For that reason, Franklin was deterred by her entourage even to sing the song. It would take Billy Preston saying Franklin would “crush it” for her to approach the track, and we’re delighted she did.
It’s a searing performance that proclaims Franklin the undoubted Queen.
6. ‘Day Dreaming’
There aren’t many songs on which Franklin explicitly opened up her personal life to her audience. Instead, the singer preferred to show passion and expression in her work through her vocal performances. However, on ‘Day Dreaming’, a song allegedly written about her tempestuous affair with Temptations singer Dennis Edwards, she opens up.
Donny Hathaway’s impressive piano is one of the song’s finer points but, in truth, it hangs on Franklin’s vocal and her impassioned tone. It cuts through the scattered jazz influences and allows the purity of the lyrics to shine brightly.
5. ‘Rock Steady’
We’ve already noted how Franklin was able to take on rock songs and make them totally different but she was also able to give funk a go too. One of the greatest showings of this stylistic agility was ‘Rock Steady’ — it proved that no genre was off-limits for Franklin.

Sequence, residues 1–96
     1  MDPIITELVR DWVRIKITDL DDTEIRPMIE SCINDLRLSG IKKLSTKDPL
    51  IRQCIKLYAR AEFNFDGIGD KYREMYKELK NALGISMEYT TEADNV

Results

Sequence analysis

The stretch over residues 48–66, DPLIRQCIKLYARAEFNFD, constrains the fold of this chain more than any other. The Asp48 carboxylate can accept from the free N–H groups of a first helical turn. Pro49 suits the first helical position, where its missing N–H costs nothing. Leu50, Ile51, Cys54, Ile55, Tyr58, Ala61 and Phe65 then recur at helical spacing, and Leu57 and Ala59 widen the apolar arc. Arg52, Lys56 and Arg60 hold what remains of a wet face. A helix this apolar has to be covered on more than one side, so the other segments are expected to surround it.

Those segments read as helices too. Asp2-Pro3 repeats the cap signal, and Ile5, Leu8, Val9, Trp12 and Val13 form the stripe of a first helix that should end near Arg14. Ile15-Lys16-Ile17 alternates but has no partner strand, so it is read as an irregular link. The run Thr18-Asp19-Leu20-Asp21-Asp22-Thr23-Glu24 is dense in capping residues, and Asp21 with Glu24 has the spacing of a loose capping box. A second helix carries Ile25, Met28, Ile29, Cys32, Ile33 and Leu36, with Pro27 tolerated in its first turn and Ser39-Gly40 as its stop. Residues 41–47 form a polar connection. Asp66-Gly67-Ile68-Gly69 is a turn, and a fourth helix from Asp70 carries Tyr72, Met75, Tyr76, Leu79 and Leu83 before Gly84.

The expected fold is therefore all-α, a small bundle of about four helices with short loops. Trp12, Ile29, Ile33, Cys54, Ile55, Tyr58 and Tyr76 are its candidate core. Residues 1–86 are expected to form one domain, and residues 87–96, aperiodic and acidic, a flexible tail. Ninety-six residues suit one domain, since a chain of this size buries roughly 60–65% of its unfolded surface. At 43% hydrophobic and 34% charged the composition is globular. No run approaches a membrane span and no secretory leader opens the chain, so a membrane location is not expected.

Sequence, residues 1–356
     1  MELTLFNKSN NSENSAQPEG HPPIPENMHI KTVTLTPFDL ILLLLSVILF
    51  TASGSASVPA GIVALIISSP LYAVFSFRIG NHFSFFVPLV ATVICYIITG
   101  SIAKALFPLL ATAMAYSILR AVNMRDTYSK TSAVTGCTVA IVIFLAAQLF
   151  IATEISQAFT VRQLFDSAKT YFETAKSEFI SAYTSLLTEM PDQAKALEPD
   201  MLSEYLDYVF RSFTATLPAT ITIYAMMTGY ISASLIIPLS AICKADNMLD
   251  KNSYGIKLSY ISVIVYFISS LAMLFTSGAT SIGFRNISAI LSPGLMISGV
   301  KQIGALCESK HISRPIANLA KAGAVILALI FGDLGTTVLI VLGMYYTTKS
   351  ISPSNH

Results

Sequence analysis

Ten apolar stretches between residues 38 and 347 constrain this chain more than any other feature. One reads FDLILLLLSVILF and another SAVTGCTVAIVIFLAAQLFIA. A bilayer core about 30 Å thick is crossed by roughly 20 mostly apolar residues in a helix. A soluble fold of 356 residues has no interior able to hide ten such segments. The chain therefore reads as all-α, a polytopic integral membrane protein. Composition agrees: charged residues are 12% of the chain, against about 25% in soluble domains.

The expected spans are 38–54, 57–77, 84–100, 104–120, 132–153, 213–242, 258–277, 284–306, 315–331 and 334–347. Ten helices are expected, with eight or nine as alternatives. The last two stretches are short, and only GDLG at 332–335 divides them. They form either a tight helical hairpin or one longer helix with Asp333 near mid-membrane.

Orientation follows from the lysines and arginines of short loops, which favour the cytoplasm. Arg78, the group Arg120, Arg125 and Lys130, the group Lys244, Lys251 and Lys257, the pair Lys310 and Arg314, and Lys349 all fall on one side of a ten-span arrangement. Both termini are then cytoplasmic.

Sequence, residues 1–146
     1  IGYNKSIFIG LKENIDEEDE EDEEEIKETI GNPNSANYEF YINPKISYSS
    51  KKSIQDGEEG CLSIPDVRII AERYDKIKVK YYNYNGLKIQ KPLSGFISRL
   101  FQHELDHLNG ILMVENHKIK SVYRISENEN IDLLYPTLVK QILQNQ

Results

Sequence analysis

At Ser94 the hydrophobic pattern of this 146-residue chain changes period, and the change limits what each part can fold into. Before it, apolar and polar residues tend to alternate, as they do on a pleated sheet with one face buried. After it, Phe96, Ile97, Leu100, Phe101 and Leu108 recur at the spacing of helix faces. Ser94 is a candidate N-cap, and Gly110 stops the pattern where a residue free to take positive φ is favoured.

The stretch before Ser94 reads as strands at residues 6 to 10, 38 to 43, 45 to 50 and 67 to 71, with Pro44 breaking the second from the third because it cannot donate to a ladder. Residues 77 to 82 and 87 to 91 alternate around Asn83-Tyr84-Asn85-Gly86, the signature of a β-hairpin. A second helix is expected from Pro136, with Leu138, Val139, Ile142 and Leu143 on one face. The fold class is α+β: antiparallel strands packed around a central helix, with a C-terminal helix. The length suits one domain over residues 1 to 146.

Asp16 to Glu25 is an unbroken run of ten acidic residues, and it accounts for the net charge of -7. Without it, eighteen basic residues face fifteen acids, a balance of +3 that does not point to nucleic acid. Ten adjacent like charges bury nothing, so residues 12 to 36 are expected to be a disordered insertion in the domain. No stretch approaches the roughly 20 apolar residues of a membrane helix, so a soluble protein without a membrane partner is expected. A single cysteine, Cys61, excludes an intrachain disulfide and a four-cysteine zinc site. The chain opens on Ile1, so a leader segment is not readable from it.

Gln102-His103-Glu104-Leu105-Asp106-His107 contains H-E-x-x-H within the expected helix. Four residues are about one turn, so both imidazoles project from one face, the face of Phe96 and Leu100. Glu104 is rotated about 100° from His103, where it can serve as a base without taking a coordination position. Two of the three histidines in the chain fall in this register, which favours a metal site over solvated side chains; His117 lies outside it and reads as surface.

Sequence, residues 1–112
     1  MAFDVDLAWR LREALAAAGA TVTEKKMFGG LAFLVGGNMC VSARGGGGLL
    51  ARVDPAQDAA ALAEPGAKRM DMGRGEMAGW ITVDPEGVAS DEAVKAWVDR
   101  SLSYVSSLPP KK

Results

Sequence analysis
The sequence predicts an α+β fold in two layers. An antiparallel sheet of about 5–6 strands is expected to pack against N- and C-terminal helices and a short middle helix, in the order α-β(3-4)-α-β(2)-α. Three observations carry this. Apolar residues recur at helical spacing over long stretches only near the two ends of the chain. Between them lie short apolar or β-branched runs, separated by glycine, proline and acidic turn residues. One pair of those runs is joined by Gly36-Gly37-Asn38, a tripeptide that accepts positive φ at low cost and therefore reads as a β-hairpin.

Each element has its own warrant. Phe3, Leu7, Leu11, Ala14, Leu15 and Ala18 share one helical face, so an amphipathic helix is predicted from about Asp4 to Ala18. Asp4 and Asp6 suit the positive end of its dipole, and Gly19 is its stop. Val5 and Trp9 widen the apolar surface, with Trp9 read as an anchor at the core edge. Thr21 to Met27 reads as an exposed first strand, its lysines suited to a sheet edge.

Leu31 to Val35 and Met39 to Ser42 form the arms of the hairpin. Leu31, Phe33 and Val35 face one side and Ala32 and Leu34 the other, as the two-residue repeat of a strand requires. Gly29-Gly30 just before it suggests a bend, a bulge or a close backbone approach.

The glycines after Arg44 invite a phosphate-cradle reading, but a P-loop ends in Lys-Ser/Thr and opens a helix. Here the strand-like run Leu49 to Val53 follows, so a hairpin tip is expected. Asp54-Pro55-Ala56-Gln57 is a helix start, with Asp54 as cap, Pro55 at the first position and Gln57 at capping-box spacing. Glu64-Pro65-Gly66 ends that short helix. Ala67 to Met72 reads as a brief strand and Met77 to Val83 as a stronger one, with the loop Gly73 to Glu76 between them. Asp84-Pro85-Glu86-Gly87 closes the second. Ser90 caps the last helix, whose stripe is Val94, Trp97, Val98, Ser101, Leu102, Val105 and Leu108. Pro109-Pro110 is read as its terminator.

Tight yet slinky, Franklin manoeuvres the music to her speed and ups the tempo at will.
With an intrinsic bassline driving the song forward, Franklin is given the freedom to add some shimmying joy and get us all lost in the call-and-response chorus which can turn into a real habit.
4. ‘Amazing Grace’
The title track of a live album, ‘Amazing Grace,’ was recorded in January 1972 at the New Temple Missionary Baptist Church in Los Angeles and captured Franklin’s natural habitat. Reverend James Cleveland and the Sothern California Community Choir’s accompaniment made it even more heavenly.